Mood disorders along with anxiety disorders are considered "stress disorders". The organism responds to stress in an integrated manner, involving the cooperation among the nervous, endocrine, and immune systems, and stress disorders are believed to be underpinned by derangements in this integration.
Inflammation is a process described since antiquity, meaning burning in both Greek (φλόγωσις) and Latin (inflammation), and characterized by swelling (tumor), redness (rubor), heating (calor), pain (dolor), and impaired function (functiolæsa). It is a general reaction to pathogens in a tissue involving an innate response of cells residing within that tissue. In the acute phase, the process entails the extravasation of immune cells, permeability changes in blood vessels, and the production of chemical mediators, including acute phase proteins, vasoactive amines, eicosanoids, bradykinin and other tachykinins, and chemical attractors. The nonspecific response usually leads to resolution and repair, with restitution to integrity. The inability to restore the previous healthy state may ensue in chronic inflammation, characterized by shifts from the main participating cells towards mononuclear (monocytes, macrophages, lymphocytes, plasma) cells and fibroblasts and from the main participating molecules towards interferon-γ, interleukins, growth factors, nitric oxide, and hydrolytic enzymes.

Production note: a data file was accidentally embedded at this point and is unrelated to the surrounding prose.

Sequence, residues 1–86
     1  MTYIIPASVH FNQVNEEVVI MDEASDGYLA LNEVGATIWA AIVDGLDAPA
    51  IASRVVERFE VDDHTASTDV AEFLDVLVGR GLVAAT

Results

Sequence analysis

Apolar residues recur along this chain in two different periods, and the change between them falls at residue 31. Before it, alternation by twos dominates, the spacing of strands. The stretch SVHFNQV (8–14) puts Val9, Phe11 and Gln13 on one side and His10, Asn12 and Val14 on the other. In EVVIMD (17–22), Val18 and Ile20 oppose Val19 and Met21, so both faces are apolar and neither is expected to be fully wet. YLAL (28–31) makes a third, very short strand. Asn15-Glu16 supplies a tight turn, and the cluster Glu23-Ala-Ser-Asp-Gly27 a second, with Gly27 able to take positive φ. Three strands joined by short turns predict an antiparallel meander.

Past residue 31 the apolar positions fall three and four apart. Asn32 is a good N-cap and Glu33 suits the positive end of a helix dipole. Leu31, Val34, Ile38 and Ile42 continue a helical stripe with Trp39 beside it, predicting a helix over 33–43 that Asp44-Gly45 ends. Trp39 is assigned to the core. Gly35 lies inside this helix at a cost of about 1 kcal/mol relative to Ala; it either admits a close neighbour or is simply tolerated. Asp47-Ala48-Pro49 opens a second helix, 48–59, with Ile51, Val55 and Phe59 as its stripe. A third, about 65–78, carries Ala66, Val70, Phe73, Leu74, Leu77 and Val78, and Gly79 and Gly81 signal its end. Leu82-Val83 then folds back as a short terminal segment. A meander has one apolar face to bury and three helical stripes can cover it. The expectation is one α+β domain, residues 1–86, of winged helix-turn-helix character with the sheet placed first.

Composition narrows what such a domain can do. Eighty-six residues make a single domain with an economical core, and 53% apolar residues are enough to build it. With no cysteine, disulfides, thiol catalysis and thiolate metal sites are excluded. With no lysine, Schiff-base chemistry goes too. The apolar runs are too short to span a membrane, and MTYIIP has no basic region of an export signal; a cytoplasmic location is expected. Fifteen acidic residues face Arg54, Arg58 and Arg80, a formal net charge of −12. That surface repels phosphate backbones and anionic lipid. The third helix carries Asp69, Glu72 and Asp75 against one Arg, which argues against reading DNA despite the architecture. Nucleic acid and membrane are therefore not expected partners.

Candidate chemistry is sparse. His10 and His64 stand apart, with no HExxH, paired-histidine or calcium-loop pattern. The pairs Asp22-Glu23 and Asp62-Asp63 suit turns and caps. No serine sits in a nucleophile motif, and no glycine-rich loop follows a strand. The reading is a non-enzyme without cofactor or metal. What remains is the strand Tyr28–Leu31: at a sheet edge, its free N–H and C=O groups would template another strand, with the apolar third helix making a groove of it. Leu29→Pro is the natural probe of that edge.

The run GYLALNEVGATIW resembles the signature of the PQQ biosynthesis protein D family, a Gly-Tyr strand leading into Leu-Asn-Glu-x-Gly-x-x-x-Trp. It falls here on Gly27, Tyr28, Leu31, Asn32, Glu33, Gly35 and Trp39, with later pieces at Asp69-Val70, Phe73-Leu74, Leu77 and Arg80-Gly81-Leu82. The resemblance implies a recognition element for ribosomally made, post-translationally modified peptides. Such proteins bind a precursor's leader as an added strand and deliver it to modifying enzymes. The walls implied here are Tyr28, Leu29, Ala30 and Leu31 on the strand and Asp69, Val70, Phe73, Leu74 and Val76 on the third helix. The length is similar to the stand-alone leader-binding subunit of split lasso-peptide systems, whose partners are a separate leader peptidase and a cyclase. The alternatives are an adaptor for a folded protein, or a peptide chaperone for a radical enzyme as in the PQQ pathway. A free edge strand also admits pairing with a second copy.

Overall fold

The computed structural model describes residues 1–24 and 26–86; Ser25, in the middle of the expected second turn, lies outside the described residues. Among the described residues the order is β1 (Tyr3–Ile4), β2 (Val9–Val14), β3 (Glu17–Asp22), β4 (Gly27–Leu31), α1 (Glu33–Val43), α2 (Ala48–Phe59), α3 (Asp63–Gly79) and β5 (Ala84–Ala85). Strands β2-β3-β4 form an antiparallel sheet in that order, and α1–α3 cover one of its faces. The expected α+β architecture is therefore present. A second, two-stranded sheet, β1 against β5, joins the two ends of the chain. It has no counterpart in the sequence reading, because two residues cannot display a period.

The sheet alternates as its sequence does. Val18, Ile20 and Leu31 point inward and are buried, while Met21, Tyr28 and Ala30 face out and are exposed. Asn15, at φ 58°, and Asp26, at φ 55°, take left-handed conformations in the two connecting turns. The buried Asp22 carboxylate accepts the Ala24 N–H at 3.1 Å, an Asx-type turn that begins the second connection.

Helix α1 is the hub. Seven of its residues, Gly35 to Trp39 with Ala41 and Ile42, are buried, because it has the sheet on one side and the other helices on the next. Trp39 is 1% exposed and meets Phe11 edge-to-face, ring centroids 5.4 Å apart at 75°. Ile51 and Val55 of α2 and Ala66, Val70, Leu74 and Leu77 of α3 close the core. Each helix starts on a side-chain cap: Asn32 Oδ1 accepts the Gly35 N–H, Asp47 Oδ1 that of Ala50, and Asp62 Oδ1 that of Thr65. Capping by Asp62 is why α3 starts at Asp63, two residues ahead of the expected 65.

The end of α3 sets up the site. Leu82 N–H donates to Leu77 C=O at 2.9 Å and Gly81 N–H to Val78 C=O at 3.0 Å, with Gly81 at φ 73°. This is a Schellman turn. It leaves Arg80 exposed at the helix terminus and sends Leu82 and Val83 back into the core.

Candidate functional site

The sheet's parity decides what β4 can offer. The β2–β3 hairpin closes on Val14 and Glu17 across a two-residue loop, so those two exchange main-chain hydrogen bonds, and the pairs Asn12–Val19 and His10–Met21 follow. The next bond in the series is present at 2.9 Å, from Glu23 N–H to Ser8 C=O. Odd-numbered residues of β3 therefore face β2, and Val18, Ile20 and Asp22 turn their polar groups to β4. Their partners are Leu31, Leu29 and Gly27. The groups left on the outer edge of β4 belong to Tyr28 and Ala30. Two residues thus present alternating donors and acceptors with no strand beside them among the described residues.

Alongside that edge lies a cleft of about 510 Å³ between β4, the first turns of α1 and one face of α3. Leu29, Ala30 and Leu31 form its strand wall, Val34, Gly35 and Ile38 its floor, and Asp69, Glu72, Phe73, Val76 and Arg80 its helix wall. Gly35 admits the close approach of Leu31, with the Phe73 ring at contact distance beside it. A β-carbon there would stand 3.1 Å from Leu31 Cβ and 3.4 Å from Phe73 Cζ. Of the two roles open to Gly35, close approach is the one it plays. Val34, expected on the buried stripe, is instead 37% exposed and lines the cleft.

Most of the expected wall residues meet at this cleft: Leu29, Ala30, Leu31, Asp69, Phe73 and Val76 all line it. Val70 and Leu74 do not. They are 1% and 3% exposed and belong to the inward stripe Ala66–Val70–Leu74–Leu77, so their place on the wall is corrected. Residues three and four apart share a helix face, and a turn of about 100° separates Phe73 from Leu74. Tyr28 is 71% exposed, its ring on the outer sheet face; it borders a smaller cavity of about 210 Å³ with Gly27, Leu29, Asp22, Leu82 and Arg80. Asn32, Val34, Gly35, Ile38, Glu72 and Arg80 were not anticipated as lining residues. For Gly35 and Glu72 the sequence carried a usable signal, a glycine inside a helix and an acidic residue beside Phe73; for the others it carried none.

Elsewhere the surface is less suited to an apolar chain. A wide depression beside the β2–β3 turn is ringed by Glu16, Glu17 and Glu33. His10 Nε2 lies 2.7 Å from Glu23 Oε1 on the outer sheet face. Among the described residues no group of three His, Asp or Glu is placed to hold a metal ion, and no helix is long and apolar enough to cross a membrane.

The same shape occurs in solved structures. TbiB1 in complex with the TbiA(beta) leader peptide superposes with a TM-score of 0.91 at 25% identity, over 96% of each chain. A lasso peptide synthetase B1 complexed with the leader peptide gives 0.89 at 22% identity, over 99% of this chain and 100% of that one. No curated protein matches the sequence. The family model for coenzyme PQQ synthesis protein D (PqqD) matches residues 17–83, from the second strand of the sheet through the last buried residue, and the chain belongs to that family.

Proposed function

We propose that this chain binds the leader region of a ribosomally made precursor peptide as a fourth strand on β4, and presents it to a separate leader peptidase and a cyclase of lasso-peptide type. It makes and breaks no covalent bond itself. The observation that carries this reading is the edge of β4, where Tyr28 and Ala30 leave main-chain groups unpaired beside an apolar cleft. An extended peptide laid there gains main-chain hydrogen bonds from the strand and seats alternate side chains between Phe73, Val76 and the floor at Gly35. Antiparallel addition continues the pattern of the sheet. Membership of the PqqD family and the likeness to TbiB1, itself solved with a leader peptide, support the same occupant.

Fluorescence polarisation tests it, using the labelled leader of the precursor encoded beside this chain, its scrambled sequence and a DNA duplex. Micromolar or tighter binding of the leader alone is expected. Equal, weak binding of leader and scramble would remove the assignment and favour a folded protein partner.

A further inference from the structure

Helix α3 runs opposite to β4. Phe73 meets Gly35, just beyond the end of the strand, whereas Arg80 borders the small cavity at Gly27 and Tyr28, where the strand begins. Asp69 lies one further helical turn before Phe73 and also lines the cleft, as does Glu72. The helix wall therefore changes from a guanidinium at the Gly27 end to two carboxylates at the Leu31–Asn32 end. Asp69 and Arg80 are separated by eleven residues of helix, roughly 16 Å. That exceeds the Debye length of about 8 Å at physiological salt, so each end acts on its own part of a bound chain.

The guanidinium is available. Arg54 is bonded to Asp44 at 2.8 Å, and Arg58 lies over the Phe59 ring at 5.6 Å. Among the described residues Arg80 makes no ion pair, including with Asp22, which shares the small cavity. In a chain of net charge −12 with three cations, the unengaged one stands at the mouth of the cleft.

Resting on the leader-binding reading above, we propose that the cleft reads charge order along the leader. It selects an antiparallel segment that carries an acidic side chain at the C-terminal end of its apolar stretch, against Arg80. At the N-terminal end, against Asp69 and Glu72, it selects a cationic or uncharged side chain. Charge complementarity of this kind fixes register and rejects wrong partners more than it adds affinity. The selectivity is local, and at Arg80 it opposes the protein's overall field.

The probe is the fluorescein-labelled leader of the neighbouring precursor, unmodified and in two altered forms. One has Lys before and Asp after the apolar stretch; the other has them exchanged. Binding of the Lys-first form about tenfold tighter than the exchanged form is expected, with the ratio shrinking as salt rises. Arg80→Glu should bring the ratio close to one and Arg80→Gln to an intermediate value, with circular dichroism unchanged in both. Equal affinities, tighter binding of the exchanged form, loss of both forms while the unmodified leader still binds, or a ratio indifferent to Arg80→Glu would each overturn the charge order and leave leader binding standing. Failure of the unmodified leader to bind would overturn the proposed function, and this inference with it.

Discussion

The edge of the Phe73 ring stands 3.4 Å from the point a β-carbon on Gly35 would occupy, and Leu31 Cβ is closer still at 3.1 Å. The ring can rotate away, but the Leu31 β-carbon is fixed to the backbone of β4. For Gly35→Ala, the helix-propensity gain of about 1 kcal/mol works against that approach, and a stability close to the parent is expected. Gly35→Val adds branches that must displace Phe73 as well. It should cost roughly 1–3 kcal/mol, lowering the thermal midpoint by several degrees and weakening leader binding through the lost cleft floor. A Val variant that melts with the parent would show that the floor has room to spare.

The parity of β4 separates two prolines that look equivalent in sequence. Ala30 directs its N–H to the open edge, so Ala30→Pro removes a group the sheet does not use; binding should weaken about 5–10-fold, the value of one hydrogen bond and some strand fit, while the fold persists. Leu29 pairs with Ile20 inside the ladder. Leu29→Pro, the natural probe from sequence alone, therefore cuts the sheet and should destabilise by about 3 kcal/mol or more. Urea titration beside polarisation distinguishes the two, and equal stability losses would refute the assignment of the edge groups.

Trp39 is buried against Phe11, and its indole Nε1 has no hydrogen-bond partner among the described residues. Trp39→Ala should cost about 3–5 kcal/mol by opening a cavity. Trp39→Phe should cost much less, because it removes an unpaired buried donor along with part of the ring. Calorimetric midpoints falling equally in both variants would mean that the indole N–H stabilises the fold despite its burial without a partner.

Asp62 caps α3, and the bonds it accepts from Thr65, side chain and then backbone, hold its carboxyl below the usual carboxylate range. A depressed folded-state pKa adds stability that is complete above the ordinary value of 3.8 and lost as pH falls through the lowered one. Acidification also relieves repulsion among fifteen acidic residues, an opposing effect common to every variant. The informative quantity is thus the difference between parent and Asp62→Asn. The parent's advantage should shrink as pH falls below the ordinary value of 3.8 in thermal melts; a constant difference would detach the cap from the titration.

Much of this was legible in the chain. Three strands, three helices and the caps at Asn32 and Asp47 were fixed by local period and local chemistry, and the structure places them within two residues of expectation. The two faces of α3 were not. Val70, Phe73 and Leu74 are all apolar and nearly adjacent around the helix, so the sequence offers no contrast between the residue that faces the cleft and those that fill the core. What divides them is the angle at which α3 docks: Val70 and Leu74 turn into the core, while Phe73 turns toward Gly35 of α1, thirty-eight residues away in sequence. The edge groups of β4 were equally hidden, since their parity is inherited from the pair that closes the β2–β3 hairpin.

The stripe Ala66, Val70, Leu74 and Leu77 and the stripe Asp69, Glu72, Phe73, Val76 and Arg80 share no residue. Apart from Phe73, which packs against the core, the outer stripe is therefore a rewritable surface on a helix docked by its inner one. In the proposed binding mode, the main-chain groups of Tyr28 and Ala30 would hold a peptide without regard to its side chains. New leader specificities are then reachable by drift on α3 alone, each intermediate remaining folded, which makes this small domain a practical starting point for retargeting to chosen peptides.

The stress concept was developed from the work of Hans Selye,[11-12] who viewed the body in Cannon’s frame. Stress, like inflammation, was proposed to be the body's response to "diverse nocuous agents", a general adaptation syndrome characterised by an integrated neuroendocrine and immune response tending to restore homeostasis. Selye showed that the response also involves the immune system, which constitutes another parallel with the inflammatory response. Currently, the stress response is considered to be evolutionary and likely to amplify an organism’s resistance to environmental stressors. Like inflammation, the inability of an organism to adequately address stress may lead to a stress disorder, which in psychiatry is represented by post-traumatic stress disorder, anxiety disorders, and mood disorders such as depression.